Once again, we’re in the midst of tax season. For many filers, there are expected delays, since the IRS isn’t ready to process some of the forms.
But as the debate continues to rage on between those that say a tax refund works as forced savings and those that insist you should try to avoid giving the government an interest-free loan, I find myself in the position of actually having a tax refund to think about.
Smart Ways to Spend your Tax Refund
When you see how much you’re going to be getting back from your taxes, your mind probably starts racing with the millions of different ways you can use the money. Before you spend all your money on a cruise or a new phone, let’s look at some of the alternatives.
Put it in an IRA/Roth IRA. One of the best things you can do with your tax refund, whenever you finally get it, is to invest it. Putting extra money in your retirement accounts can give them the boost they need. If you are not maxing out your Roth IRA or traditional IRA account with your normal income, your tax refund could give you the money you need to reach the contribution limit.
Use a robo-investor. If you want to invest your tax refund, but you don’t know where to start, or you have zero knowledge of the investing world, don’t worry. You don’t have to be a financial wizard to invest your refund money, there are plenty of websites which will handle all of the investing for you.
Sites like Betterment actually will invest all of your money without you having to do a thing. All you have to do is create an account, set your investing goals, and then start making contributions, then Betterment will handle the rest.
Invest in others using peer-to-peer lending. Peer-to-peer lending has become one of the most popular options for investing. The idea of peer-to-peer lending is not new. As long as people have needed money, there have been people willing to lend them money, with interest, of course.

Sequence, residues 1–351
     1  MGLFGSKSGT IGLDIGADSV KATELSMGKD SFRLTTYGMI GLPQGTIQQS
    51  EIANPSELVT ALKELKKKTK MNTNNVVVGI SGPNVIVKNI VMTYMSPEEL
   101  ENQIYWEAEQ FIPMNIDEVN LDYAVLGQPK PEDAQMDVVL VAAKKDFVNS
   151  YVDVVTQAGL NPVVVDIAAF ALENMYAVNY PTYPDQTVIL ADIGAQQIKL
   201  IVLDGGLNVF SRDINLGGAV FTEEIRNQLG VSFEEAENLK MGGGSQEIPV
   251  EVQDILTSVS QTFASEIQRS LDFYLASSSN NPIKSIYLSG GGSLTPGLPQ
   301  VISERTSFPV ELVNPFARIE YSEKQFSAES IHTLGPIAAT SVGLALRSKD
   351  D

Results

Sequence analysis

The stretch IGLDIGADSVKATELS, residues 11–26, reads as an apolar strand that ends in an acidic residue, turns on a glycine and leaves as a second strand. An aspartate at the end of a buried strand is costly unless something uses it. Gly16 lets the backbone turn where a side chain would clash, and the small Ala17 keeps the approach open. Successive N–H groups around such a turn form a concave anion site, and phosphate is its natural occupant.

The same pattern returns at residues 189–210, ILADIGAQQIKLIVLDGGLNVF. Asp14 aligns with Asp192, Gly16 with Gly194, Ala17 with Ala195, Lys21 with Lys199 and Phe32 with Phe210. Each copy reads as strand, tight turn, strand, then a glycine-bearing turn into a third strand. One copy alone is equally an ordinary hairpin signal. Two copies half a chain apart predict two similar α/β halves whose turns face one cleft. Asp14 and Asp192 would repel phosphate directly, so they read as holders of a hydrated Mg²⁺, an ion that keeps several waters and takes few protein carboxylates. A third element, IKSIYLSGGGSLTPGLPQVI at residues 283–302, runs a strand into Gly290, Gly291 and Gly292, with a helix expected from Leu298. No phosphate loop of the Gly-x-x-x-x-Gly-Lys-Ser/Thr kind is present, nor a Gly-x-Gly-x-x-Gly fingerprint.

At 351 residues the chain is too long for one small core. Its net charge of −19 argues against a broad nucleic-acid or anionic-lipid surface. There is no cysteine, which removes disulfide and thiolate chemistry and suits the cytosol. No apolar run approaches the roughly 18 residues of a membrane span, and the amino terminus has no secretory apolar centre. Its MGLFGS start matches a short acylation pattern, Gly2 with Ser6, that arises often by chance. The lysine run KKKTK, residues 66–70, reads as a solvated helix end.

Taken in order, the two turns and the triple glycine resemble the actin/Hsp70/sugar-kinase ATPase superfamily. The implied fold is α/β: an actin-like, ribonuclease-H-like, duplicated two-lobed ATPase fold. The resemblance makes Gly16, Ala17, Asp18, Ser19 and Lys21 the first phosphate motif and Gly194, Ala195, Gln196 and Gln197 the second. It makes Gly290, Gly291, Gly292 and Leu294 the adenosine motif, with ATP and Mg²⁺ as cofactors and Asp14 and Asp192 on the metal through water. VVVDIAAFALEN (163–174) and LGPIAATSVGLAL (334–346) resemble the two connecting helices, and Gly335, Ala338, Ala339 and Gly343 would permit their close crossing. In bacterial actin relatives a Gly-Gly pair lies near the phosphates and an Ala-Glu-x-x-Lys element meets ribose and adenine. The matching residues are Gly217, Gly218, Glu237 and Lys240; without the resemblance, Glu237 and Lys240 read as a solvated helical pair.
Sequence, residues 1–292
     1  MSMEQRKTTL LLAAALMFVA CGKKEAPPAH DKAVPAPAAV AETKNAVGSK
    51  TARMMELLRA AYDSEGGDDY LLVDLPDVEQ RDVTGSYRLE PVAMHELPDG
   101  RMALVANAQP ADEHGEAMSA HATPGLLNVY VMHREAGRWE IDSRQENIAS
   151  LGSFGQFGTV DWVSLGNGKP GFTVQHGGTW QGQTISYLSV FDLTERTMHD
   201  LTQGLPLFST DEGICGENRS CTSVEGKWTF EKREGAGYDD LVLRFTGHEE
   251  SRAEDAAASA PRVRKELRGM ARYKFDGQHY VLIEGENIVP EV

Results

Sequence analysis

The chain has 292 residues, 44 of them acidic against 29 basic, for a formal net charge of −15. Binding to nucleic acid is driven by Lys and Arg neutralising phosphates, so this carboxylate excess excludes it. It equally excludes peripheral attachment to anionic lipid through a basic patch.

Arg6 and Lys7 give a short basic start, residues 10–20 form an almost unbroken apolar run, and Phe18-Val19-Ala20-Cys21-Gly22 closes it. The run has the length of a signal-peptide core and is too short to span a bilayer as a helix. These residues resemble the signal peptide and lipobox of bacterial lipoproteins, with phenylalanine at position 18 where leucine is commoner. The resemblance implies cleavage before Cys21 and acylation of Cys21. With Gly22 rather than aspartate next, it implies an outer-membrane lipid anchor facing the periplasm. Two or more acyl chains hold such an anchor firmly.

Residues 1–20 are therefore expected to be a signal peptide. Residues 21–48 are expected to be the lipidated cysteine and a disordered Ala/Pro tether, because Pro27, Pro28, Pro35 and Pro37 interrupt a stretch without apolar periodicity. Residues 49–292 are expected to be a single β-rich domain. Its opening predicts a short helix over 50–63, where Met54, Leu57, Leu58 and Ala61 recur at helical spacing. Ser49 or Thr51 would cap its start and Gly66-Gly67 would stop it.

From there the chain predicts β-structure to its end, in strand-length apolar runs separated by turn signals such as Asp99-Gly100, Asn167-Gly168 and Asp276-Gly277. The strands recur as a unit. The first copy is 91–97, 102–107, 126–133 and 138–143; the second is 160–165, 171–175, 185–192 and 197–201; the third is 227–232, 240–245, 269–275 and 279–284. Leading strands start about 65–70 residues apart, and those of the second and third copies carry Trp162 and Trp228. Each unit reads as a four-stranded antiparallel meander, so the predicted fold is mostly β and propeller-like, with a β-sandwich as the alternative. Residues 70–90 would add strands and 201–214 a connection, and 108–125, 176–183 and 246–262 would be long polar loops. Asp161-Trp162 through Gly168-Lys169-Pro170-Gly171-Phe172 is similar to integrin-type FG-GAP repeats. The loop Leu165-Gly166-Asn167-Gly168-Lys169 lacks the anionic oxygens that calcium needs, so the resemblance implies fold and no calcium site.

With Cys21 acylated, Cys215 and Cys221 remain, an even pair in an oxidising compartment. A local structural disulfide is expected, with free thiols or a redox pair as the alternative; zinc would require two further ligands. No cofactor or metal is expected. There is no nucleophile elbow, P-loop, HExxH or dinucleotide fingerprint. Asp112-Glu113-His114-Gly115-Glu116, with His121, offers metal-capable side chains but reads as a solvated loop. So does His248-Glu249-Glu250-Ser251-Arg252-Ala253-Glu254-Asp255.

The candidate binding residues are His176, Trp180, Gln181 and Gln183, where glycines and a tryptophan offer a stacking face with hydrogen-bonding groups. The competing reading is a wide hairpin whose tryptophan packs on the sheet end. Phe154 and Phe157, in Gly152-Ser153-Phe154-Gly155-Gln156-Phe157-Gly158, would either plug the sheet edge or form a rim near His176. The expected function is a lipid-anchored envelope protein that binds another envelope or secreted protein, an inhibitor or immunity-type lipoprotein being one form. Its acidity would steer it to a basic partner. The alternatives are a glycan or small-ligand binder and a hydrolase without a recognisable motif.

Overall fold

Thanks to the Internet, peer-to-peer lending has never been easier. There are plenty of sites you can use, like Lending Club. Lending Club allows you to browse all of the available loan requests and then select the one which suits your needs the best.
Put your money in a REIT. If you’ve been looking for a way to start investing in real estate, without having the day-to-day duties of a landlord, REITs are an excellent way to do it. REIT are investment trusts which put their money towards large-scale real estate investment opportunities.
A quick and easy way to do this is to create an account on a site like Fundrise. You can get started with Fundrise and real estate investing with as little as $500.
Buy Bonds. If you’ve already maxed out your IRA accounts, there are several other investment vehicles you can use to boost your investment portfolio. Bonds are a great way to invest your money without taking on any additional risk. Bonds offer a small interest rate, but you don’t have to worry about losing your money.
Pay off Your Debt
Another excellent way to use your tax money is to pay off some of the lingering debt which has been hanging over your head. Sure, it’s not the most exciting way to use your refund money, but it’s one of the wisest.
If you have a lot of debt, take your money and pay off some of those debts. You won’t get a shiny new gadget, but you will save yourself thousands of dollars not having to pay your credit card bill any longer.
One common way people pay off debt with their refund is to put some extra money towards their mortgage. Your mortgage loan is probably the biggest debt you have, why not toss some extra money at those mortgage payments.
You never know what curveballs are going to be thrown at you. You can’t use a crystal ball to predict the future, which means you should always have money set aside to pay for any unknown expenses which could pop up. When you get your tax returns, put the money in a bank account. Having an emergency fund will help you prepare for the unknown.
An emergency fund is exactly what it sounds like. It’s the money you have in your savings account for an emergency, like car repairs, hospital bills, or home repairs.
Another way to save you money is to start saving for a big purchase. If you’re trying to buy a new car or saving for college for a child, put this extra money towards the goal.
You can put the money in an education savings account. These 529 plans allow your money to grow tax-free as long as it’s used for any education costs.
Make some Fixes/Repairs